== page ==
The big question is whether this interest in leasing public assets is just an momentary aberration in public policy or whether it signals things to come. Regardless, cities looking to get on board should do it now, Mr. Levenson advised.
“The beauty is that cities can unlock capital from dead assets, and we’re not talking about the ‘crown jewels’ unless your idea of ‘crown jewels’ is asphalt. Best of all, the asset stays in place, because no one is going to move the Chicago Skyway or the garages to Australia,” he said. “In other words, the assets remain here, they are better run and future risk is transferred to the private sector.”
Pension funds – like the powerful one for California teachers – are driving the interest in the leases, because private management of public assets can generate 10-12 percent yearly gains. So far, only about $7.4 billion has been spent on these infrastructure leases, a small fraction of the $175 billion of funds in the global marketplace for them. When this amount is leveraged, Mr. Levenson said that the buying power is $700 billion.
While the former banker was motivated by the financial infusion, he said better operations was almost an equal draw. City officials simply aren’t equipped to manage operations like garages and toll roads.
“Garage management by city government consisted of compiling numbers each month,” he said. “We didn’t do anything if the number went up or down. We just kept statistics. In the private sector, they act if the capacity goes down and they base payment on maximizing capacity. For the city, the garages just sit there as profits dip.”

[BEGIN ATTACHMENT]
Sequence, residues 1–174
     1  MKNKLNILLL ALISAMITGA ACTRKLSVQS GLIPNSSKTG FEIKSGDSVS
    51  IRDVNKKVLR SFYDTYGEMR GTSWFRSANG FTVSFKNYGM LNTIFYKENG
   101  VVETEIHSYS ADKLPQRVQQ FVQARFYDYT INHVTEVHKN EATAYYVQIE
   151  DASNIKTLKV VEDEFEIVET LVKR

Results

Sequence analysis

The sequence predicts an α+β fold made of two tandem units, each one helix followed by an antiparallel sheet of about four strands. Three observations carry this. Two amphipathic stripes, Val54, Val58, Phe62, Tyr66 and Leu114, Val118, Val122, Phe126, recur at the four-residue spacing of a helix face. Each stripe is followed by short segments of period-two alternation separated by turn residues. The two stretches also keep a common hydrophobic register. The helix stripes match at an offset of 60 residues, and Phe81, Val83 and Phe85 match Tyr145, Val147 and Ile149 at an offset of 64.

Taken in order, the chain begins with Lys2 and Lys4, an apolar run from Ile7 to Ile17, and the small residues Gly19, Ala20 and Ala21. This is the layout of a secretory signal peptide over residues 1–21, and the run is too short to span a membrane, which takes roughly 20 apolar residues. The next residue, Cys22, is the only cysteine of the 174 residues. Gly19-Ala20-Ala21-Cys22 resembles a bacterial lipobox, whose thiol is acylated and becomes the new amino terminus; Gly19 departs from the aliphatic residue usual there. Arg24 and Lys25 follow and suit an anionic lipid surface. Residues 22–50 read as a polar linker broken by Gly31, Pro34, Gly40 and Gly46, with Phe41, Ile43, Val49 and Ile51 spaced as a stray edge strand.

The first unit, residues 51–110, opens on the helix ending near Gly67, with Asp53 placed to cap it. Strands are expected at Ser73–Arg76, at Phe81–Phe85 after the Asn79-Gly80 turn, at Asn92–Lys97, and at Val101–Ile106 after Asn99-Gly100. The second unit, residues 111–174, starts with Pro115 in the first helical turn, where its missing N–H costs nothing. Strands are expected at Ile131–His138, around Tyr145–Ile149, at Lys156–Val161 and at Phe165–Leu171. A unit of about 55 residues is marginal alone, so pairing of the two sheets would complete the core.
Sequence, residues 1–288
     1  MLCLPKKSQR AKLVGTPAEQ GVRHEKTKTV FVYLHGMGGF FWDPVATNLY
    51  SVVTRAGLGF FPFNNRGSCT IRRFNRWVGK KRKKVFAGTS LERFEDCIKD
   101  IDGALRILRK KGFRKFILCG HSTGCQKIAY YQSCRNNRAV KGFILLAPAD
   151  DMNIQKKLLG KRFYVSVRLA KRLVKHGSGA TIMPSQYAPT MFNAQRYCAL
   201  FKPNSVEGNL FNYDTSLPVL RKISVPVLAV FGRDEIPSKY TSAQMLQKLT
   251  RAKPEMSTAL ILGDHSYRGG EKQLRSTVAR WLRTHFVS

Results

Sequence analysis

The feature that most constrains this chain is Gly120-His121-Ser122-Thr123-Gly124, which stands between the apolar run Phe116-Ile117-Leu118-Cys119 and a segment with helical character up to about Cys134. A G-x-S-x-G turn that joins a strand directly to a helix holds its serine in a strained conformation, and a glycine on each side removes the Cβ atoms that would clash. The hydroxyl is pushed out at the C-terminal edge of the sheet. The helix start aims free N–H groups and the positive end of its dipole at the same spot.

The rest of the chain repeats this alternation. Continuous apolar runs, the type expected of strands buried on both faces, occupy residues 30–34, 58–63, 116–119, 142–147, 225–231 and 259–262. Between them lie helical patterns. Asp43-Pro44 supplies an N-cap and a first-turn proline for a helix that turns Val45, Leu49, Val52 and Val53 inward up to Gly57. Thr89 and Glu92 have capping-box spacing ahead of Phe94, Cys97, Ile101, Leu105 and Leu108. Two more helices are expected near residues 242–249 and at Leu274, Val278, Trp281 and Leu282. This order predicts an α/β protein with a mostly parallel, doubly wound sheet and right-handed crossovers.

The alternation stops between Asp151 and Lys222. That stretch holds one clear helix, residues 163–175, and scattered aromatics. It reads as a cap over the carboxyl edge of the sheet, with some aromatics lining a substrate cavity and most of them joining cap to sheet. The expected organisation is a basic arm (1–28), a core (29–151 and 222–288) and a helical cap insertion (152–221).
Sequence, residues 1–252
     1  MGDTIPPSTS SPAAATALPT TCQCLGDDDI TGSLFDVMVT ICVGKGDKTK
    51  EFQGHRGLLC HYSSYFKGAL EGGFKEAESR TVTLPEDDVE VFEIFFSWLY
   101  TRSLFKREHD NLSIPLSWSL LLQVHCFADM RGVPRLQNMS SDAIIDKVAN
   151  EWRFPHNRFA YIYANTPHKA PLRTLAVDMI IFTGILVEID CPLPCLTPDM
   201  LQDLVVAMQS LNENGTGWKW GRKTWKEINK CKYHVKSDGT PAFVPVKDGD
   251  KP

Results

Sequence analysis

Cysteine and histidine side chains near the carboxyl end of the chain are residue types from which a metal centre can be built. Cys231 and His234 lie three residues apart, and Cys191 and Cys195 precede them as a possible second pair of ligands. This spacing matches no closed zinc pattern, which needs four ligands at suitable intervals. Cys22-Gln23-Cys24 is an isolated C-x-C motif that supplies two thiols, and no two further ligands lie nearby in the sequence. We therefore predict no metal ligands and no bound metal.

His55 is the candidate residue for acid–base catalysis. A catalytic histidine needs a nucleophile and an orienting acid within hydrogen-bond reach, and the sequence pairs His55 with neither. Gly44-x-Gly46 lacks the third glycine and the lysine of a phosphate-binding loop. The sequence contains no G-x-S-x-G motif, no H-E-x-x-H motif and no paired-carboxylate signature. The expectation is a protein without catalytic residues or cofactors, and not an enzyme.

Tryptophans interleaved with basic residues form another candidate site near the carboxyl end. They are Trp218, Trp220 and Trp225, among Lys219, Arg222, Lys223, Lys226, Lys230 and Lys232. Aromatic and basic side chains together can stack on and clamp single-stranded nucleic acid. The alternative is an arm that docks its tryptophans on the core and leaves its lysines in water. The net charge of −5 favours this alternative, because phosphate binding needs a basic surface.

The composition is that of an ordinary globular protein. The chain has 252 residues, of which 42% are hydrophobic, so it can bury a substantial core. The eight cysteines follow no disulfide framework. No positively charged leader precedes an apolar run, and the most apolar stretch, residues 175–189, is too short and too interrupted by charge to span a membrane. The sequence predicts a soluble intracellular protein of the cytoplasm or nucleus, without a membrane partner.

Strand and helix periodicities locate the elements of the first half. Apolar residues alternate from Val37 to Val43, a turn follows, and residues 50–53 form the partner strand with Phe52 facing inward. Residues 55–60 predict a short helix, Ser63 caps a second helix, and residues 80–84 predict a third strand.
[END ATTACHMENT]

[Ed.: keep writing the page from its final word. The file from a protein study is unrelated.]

He said the lesson was reinforced by the least of the toll road. “In three months from the time of the contract, the private sector had installed electronic tollways,” he said. “City government would still be thinking about it.”
In Chicago, the money from the leases wasn’t used to balance the operating budget. “You don’t use a windfall to plug a budget hole,” he said. Rather, the Daley Administration used the money to created a long-term reserve fund, paid off bond debt, created a mid-term annuity and used five percent of the total to fund 20 social programs in Chicago.